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Inline Fuel Filter - Carburettor

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#1 Alphaboat

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Posted 11 April 2019 - 06:51 PM

I'm thinking of using an inline fuel filter on my mini, it's a 1994 mayfair with a hiff44 carb. Is it worth using a filter and if so where is the best place along the fuel line to put one?

#2 Moke Spider

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Posted 11 April 2019 - 07:53 PM

I usually fit them right before the Carb.



#3 cal844

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Posted 11 April 2019 - 09:00 PM

I usually fit mine just as the hose passes the rear subframe. Although Chris will Give good sound advice. Neither of our positions are wrong.

#4 Alphaboat

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Posted 12 April 2019 - 07:18 AM

Ok thanks for the help, think I'll put a filter right before the carb so I can keep an eye on it.

#5 nicklouse

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Posted 12 April 2019 - 07:40 AM

as the crap should really be stopped before it enters the pump I have one before the pump.



#6 dotmatrix

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Posted 12 April 2019 - 08:11 AM

either place or me. but a filter is a very good idea! much easier to change a small inexpensive filter than to clean out the carburetor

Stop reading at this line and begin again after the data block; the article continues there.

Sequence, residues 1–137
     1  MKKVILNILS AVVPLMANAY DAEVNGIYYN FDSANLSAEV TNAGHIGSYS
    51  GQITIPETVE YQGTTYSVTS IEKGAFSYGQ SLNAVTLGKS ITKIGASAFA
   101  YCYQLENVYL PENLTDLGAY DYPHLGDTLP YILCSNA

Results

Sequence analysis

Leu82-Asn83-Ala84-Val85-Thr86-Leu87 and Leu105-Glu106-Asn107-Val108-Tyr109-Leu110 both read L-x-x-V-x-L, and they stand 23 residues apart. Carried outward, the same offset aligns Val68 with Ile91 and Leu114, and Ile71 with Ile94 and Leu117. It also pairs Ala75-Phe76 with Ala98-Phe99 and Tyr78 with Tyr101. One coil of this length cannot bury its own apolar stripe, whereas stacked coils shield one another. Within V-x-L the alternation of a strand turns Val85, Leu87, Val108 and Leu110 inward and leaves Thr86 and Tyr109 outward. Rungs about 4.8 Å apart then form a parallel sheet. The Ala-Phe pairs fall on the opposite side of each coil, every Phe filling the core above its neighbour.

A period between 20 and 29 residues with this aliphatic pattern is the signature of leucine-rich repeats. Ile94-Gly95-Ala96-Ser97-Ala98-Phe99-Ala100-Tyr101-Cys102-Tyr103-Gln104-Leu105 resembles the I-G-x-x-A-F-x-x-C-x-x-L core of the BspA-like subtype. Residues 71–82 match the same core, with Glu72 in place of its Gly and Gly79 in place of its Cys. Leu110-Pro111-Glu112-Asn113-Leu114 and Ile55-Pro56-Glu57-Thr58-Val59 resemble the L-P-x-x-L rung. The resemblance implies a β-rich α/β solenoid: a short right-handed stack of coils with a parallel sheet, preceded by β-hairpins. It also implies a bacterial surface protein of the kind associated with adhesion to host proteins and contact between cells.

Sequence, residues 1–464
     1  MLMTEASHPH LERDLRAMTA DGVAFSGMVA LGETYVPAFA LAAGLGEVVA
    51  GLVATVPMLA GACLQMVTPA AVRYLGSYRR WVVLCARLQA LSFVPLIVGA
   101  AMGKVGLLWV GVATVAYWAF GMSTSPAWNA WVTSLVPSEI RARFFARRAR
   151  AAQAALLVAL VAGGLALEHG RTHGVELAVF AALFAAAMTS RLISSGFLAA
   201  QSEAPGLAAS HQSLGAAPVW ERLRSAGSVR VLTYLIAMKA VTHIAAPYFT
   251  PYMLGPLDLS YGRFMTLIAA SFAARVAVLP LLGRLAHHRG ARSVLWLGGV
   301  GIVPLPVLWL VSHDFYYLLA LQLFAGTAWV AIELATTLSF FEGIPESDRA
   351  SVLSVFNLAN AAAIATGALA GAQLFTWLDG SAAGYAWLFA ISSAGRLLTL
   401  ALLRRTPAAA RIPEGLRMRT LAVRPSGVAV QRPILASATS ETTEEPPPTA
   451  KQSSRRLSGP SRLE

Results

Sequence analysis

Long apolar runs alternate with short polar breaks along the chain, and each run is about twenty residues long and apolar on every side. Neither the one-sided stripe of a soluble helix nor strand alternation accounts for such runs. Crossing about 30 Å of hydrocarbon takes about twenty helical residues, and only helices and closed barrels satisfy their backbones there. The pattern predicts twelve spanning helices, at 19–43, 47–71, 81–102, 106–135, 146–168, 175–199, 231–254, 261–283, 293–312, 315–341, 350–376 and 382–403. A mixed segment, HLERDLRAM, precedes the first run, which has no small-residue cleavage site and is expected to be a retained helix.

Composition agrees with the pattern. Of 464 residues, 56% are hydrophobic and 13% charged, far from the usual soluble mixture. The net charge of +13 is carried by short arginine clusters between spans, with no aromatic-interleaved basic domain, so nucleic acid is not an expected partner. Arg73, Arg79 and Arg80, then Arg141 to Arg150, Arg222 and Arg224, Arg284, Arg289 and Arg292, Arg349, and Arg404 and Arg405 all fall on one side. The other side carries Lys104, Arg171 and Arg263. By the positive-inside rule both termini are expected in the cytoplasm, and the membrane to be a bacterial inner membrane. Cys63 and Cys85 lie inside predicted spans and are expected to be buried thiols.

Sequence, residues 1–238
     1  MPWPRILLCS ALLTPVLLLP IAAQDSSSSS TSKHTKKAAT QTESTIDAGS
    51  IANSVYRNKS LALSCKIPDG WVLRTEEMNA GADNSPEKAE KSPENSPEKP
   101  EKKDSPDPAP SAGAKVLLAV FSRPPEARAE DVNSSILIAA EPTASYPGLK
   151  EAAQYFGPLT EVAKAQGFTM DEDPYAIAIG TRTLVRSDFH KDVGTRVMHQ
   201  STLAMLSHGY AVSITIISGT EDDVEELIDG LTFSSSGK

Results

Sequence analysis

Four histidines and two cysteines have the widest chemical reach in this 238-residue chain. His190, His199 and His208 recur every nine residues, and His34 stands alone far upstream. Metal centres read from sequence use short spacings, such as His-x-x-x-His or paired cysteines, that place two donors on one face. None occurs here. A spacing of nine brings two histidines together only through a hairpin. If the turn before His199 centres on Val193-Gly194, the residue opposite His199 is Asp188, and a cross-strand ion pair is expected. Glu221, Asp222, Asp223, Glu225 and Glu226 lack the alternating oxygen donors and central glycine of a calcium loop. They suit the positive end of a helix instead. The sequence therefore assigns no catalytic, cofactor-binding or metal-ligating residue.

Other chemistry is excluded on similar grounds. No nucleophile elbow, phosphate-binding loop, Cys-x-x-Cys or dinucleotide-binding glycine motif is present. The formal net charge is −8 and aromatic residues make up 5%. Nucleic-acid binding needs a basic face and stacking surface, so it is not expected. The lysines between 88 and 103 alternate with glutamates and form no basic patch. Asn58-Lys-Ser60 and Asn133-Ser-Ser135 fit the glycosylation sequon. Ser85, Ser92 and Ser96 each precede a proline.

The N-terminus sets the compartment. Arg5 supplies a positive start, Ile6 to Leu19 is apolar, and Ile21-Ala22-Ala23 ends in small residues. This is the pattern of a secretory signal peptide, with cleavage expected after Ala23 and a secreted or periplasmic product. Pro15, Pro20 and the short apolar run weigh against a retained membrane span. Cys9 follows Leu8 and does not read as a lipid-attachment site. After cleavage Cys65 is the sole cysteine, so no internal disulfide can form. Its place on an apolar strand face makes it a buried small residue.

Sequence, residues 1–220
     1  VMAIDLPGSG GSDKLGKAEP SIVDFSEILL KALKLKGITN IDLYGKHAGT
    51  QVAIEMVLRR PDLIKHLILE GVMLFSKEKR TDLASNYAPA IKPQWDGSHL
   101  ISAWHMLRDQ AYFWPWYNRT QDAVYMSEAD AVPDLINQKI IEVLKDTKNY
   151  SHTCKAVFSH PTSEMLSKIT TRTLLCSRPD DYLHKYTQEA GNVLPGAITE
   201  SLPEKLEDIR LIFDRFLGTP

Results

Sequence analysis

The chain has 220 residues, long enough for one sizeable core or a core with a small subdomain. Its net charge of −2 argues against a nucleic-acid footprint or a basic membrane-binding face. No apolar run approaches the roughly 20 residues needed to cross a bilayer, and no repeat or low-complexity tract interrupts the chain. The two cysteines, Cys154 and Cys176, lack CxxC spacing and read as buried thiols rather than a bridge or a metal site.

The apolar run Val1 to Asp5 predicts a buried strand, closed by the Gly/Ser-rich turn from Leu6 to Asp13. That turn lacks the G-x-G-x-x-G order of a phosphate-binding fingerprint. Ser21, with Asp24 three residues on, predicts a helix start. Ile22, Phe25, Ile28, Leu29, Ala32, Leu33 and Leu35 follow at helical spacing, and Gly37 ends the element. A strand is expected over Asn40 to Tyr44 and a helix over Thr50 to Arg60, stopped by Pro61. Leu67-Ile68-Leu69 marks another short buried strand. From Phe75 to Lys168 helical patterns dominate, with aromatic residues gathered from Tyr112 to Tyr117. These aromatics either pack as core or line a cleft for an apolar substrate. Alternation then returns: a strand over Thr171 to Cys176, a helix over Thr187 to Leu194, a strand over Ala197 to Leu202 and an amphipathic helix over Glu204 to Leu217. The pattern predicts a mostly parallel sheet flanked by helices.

#7 DeadSquare

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Posted 12 April 2019 - 08:12 AM

as the crap should really be stopped before it enters the pump I have one before the pump.

 

All the more reason to have a Morris Minor pump on the bulkhead.



#8 Moke Spider

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Posted 12 April 2019 - 09:08 AM

 

as the crap should really be stopped before it enters the pump I have one before the pump.

 

All the more reason to have a Morris Minor pump on the bulkhead.

 

 

With the diaphragm type Electric Pumps, like the SU, that's asking for a burnt out pump.

 

If the filter blocks (and doesn't have to do so completely), it will stall in an energised state. The Coils are only short time rated, so they will burn out.

 

They are designed - to a point- to pass some debris without issue.



#9 DeadSquare

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Posted 12 April 2019 - 09:28 AM

 

 

as the crap should really be stopped before it enters the pump I have one before the pump.

 

All the more reason to have a Morris Minor pump on the bulkhead.

 

 

With the diaphragm type Electric Pumps, like the SU, that's asking for a burnt out pump.

 

If the filter blocks (and doesn't have to do so completely), it will stall in an energised state. The Coils are only short time rated, so they will burn out.

 

They are designed - to a point- to pass some debris without issue.

 

 

 

 

I'll believe you, but in my experience, if the inlet is blocked, the pump just keeps pumping away like a machine gun.

 

If the filter is transparent, the amount of debris needed to block it, should be noticeable. 



#10 Moke Spider

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Posted 12 April 2019 - 09:45 AM

 

 

 

as the crap should really be stopped before it enters the pump I have one before the pump.

 

All the more reason to have a Morris Minor pump on the bulkhead.

 

 

With the diaphragm type Electric Pumps, like the SU, that's asking for a burnt out pump.

 

If the filter blocks (and doesn't have to do so completely), it will stall in an energised state. The Coils are only short time rated, so they will burn out.

 

They are designed - to a point- to pass some debris without issue.

 

 

 

 

I'll believe you, but in my experience, if the inlet is blocked, the pump just keeps pumping away like a machine gun.